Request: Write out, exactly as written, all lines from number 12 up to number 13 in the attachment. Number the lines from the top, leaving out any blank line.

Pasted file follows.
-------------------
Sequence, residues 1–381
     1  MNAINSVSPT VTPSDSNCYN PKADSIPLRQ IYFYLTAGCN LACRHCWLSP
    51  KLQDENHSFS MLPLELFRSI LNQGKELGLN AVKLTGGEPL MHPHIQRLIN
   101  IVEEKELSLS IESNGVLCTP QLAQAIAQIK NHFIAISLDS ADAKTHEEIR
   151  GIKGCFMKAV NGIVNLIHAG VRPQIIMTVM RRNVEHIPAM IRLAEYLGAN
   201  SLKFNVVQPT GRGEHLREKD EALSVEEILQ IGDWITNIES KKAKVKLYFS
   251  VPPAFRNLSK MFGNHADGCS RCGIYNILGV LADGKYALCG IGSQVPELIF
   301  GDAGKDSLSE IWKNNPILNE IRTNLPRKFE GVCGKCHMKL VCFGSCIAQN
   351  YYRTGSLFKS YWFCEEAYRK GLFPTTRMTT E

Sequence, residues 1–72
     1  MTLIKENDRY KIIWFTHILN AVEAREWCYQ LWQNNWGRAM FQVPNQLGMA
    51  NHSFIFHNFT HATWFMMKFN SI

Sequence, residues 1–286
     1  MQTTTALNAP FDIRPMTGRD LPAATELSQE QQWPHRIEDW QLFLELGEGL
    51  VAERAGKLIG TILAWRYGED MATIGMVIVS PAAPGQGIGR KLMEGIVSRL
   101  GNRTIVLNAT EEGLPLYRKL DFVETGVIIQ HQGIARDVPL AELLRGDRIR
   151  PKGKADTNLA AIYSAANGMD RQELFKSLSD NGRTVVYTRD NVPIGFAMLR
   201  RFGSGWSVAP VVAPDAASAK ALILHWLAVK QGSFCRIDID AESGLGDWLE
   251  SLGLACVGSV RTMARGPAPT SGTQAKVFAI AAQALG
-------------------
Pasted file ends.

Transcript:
    51  NHSFIFHNFT HATWFMMKFN SI

Sequence, residues 1–286